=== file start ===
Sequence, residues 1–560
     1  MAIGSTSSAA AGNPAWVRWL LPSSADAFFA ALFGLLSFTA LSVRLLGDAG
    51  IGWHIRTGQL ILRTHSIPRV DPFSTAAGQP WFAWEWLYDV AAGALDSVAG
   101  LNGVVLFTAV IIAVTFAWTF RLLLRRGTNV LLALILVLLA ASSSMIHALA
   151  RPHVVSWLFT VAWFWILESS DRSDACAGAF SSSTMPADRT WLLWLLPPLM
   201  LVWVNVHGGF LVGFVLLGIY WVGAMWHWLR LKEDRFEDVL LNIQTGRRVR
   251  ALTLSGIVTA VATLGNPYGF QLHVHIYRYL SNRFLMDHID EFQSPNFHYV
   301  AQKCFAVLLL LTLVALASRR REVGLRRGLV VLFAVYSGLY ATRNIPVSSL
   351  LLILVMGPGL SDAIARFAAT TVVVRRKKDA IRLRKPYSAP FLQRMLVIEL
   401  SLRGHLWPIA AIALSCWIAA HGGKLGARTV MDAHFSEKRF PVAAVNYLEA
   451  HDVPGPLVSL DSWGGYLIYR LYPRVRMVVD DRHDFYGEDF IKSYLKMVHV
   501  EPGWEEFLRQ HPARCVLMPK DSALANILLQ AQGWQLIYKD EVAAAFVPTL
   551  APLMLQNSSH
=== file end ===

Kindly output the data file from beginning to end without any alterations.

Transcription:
Sequence, residues 1–560
     1  MAIGSTSSAA AGNPAWVRWL LPSSADAFFA ALFGLLSFTA LSVRLLGDAG
    51  IGWHIRTGQL ILRTHSIPRV DPFSTAAGQP WFAWEWLYDV AAGALDSVAG
   101  LNGVVLFTAV IIAVTFAWTF RLLLRRGTNV LLALILVLLA ASSSMIHALA
   151  RPHVVSWLFT VAWFWILESS DRSDACAGAF SSSTMPADRT WLLWLLPPLM
   201  LVWVNVHGGF LVGFVLLGIY WVGAMWHWLR LKEDRFEDVL LNIQTGRRVR
   251  ALTLSGIVTA VATLGNPYGF QLHVHIYRYL SNRFLMDHID EFQSPNFHYV
   301  AQKCFAVLLL LTLVALASRR REVGLRRGLV VLFAVYSGLY ATRNIPVSSL
   351  LLILVMGPGL SDAIARFAAT TVVVRRKKDA IRLRKPYSAP FLQRMLVIEL
   401  SLRGHLWPIA AIALSCWIAA HGGKLGARTV MDAHFSEKRF PVAAVNYLEA
   451  HDVPGPLVSL DSWGGYLIYR LYPRVRMVVD DRHDFYGEDF IKSYLKMVHV
   501  EPGWEEFLRQ HPARCVLMPK DSALANILLQ AQGWQLIYKD EVAAAFVPTL
   551  APLMLQNSSH